2. Drop the notes in my inbox when I return to my desk.
  3. At a later time, process the notes into an expanded form, transcribing not just the contents of my notebook, but other ideas that they give rise to and my responses after reflecting on the meeting.

Yes, transcription is work, but for me it’s the crucial step where things really come together. It’s where I make my action plan, where I organize steps and to-dos, where I think of those items that didn’t occur to me during the rush of conversation and debate. My post-meeting report, even if it’s just for myself, is where I have a chance to think, and think deeply. And that, after all, is what people pay me for. Sure, I’d love automatic and accurate transcription of the meeting audio, but I only use that if I think I missed something or want to get a quote exactly right. I rarely go to the bother of manually transcribing recordings, and if I really need transcriptions, there are services for that.

The notes I make with pen and paper during meetings are just the start of the process for me. Things happen just too damn fast for me to do that using my fingers to try and touch type on the iPad’s glass surface.

If you’re like Ben and you can use the iPad without letting it get in the way, go for it. I envy your mastery. For me, I’ll keep it in the bag, then after the meeting take it out and use it to help me think and process.

In Meetings, Pen & Paper, Not Glass and Fingers by Randy Murray, unless otherwise expressly stated, is licensed under a Creative Commons Attribution-NonCommercial-ShareAlike 3.0 Unported License.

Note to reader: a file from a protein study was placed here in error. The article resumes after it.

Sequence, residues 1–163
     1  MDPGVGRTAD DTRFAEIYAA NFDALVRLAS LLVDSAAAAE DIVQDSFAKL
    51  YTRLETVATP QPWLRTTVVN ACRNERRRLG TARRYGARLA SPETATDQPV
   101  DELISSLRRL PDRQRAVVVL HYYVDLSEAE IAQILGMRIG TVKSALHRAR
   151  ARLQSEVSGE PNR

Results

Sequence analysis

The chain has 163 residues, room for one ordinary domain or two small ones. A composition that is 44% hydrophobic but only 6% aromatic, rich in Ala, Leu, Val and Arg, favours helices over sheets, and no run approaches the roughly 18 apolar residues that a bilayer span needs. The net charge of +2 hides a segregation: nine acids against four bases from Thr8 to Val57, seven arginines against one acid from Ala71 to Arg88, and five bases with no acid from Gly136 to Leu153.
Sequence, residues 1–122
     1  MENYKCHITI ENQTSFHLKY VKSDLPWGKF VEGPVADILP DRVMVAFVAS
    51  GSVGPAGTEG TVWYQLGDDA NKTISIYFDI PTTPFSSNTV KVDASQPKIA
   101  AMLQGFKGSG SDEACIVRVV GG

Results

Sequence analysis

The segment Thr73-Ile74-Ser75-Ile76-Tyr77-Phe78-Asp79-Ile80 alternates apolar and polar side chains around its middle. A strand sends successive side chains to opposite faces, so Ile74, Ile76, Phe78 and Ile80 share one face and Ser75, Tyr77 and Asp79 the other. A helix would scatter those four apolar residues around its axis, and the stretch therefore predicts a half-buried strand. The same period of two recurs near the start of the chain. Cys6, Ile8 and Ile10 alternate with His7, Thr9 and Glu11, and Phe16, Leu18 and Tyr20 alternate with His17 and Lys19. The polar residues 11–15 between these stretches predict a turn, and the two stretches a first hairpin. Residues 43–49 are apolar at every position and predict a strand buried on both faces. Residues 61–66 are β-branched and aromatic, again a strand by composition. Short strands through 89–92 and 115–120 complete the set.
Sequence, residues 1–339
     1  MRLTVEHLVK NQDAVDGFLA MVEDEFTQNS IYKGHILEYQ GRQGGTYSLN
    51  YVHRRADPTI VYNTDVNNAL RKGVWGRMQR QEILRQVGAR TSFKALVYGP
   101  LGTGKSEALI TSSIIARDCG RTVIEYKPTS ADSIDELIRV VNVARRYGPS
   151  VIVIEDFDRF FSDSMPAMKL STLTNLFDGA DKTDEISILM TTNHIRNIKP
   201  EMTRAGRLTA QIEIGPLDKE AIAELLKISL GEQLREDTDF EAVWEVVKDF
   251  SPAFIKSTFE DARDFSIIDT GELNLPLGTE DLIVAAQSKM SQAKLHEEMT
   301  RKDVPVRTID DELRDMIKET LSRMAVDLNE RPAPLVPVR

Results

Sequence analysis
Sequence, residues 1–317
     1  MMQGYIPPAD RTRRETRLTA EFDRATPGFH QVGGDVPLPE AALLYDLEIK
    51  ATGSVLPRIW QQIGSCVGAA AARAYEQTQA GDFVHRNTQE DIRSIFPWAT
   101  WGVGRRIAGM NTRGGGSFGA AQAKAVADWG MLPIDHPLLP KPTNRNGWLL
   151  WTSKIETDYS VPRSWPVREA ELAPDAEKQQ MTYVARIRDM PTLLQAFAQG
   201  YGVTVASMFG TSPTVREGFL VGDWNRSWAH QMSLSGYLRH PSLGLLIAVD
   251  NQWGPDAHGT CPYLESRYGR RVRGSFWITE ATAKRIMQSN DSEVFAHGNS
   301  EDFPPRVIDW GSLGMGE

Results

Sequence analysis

{ 13 comments… read them below or add one }

Iain Broome January 27, 2011 at 8:28 am

I’m very much a pen and paper person for taking notes in meetings. And I try not to take too many, either. That’s not to say I’m not listening or not bothered about what other people are saying, just that I listen better and contribute more when I’m giving my colleagues or a client my full attention. Like you Randy, I think I’d struggle to handle the iPad and be completely effective.

I’ve actually reverted to pen and paper for my diary and to do list, actually. I’ve taken and adapted Nick Cernis’ brilliant Todoodlist system. I’ll have to explain more in a full blog post, I think!


Randy Murray January 27, 2011 at 8:46 am

I love my iPad, I just don’t find it to be the “One Ring”.

Frankly, I could conduct most meetings with nothing at all, simply focus completely on my client and make notes after. But I think that would trend to creep people out – the focus might be too intense!


Michael Hurley January 27, 2011 at 8:33 am

I agree whole heartedly. Pen and paper is best for speed capture. My brain works to fast for my fingers to type!

See this tweet as an example:!/imyke/status/30618038499803137 

Great post captain!


Randy Murray January 27, 2011 at 8:44 am

I love the look of your notes. Mine appear to be encrypted – a feature of my completely indecipherable handwriting.


Aaron Mahnke January 27, 2011 at 8:36 am

Great post Randy!

I find that, while I’m pulled to the digital world, I can only get so much done there. So for me, digital tools like OmniFocus on the Mac and iOS devices are great for capturing, organizing and scheduling, but they still lack the touch of real-world planning. So every day, I open up a fresh page in my Action Method notebook (because of the spiral-binding and open-flat access) and plot out what I’m doing every hour of the work day, including lunch and phone/in-person meetings.